Hand sanitizers have become trusted tools to keep people safe and healthy in the fight against the COVID-19 pandemic — but now, an independent study suggests some products may be having the opposite effect.
Valisure, an independent pharmacy and lab that tests drug products for quality, says it tested 260 products and found elevated levels of benzene in more than 20 of them.
Benzene is a known human carcinogen, and exposure to it is known to cause blood disorders, including leukemia.
The leading brand of hand sanitizer, Purell, and many others had no detectable levels of benzene. But Valisure has petitioned the Food and Drug Administration to launch an investigation and recall the products it found contain benzine.
Valisure CEO David Light told CBS News chief medical correspondent Dr. Jon LaPook that he was "shocked" to find such high levels of benzene in the products.
"I was shocked that we were finding benzene at all," Light said. "It might very well be the most well known … compound that is dangerous to humans."
Valisure Chief Scientific Officer Kaury Kucera walked LaPook through the testing process.
In the early days of the pandemic, the Food and Drug Administration relaxed standards on benzene levels in liquid hand sanitizers, allowing benzene in a concentration of up to two parts per million, according to Dr. Leonardo Trasande, a professor of environmental science at the NYU Grossman School of Medicine.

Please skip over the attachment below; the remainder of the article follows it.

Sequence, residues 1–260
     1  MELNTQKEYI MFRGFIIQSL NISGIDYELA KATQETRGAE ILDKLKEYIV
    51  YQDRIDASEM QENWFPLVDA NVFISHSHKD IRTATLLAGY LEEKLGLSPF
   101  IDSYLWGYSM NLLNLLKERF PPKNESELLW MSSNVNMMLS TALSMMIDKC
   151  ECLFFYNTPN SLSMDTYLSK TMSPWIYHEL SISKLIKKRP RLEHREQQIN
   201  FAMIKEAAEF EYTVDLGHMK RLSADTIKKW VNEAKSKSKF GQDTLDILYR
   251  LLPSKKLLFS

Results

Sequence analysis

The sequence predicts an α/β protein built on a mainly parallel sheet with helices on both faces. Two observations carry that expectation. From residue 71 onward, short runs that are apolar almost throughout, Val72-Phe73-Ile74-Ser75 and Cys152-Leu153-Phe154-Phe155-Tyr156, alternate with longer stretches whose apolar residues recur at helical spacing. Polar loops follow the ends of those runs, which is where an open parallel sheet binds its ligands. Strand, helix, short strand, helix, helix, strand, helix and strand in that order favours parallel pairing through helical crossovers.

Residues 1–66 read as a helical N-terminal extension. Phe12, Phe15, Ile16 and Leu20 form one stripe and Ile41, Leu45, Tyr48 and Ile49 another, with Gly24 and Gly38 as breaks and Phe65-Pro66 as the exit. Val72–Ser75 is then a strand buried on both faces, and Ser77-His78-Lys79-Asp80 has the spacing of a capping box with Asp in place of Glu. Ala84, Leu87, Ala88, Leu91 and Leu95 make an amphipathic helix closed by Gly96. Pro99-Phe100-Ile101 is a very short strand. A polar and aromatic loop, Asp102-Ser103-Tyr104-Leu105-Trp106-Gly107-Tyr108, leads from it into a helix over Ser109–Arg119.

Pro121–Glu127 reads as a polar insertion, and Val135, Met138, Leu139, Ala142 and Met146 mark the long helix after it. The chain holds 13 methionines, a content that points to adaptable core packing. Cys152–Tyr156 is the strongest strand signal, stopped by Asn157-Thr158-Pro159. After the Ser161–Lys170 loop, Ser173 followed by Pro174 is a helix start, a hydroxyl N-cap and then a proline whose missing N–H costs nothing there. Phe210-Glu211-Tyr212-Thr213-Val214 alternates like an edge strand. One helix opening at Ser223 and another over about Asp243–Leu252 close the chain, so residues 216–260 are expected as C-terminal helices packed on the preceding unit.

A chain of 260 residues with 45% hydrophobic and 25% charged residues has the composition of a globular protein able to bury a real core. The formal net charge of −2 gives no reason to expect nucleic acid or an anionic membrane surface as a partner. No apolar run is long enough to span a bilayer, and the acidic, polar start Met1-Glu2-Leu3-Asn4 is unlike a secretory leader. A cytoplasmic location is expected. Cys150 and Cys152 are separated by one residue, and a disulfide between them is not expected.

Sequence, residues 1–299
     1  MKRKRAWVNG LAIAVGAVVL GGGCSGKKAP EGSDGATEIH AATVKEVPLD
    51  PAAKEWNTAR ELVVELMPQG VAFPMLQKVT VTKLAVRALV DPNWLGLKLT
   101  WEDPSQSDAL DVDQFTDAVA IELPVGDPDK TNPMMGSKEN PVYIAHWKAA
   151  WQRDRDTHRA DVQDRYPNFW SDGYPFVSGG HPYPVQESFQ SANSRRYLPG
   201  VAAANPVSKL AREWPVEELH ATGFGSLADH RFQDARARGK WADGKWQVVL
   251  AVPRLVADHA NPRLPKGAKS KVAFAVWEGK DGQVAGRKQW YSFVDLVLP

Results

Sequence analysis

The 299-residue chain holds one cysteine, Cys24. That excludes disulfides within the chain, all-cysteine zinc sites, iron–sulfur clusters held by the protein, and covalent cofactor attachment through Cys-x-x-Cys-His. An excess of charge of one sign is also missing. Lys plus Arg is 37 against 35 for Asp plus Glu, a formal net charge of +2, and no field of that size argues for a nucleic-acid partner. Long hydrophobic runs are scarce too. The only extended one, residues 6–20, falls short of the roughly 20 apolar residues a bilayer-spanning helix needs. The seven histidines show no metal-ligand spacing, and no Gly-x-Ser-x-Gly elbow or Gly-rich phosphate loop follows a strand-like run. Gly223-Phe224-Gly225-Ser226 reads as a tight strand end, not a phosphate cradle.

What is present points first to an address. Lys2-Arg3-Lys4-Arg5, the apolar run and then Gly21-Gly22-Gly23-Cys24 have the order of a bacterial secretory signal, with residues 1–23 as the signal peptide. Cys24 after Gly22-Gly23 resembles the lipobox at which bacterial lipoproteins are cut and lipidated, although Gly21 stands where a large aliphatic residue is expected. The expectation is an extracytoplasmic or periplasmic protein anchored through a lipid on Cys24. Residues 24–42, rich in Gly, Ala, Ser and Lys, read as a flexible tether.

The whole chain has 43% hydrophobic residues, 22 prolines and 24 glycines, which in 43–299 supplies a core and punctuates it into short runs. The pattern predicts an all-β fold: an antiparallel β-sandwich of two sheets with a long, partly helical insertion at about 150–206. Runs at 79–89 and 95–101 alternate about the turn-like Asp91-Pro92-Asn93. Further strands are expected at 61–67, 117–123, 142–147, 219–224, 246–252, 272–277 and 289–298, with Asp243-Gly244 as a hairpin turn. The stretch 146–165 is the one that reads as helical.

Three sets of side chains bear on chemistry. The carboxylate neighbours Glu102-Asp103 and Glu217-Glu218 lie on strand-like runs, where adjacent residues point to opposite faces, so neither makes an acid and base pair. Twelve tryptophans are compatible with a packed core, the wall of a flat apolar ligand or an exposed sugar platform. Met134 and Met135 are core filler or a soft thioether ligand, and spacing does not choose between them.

"There was an effort to really increase hand sanitizers and the availability because a lot of people were purchasing them and supply was running low," Trasande explained.
Valisure tested hundreds of products for the chemical.
Valisure says of 260 products, 21 products from 15 brands tested above the FDA interim limit. The top three tested between six- to eight-times higher than allowed.
Valisure found batches of a Star Wars Mandalorian hand sanitizer with a Baby Yoda character on the label manufactured by Best Brands Consumer Products contained nearly double the allowable amount. Attempts to get a response from the manufacturer were unsuccessful.
In a statement, the Walt Disney Company said it launched independent testing on the "Baby Yoda" sanitizer and has instructed Best Brands to withdraw the products until more is learned.
CBS News found the product available on Amazon, which told CBS News it is investigating the products in question.
Dr. Daniel Teitelbaum, at the Colorado School of Public Health, warns benzene exposure could be increased in workers who use hand sanitizer contaminated with it, then put on gloves that prevent evaporation.
"If you're not wearing gloves over them, the risk is quite low because your skin is warm, you use that, the benzene will evaporate quite rapidly," he said, adding that threat mostly is for people with "special risks."
Teitelbaum continued, "It's a lot of health care personnel. It's a lot of cleaning and sanitation people. … The longer you use it, the greater the risk."
For a list of products tested by Valisure, visit this link.
The FDA said it is reviewing Valisure's petition and continues to test sanitizer products and monitor the market.
The company is also inviting people to send samples of hand sanitizers for analysis.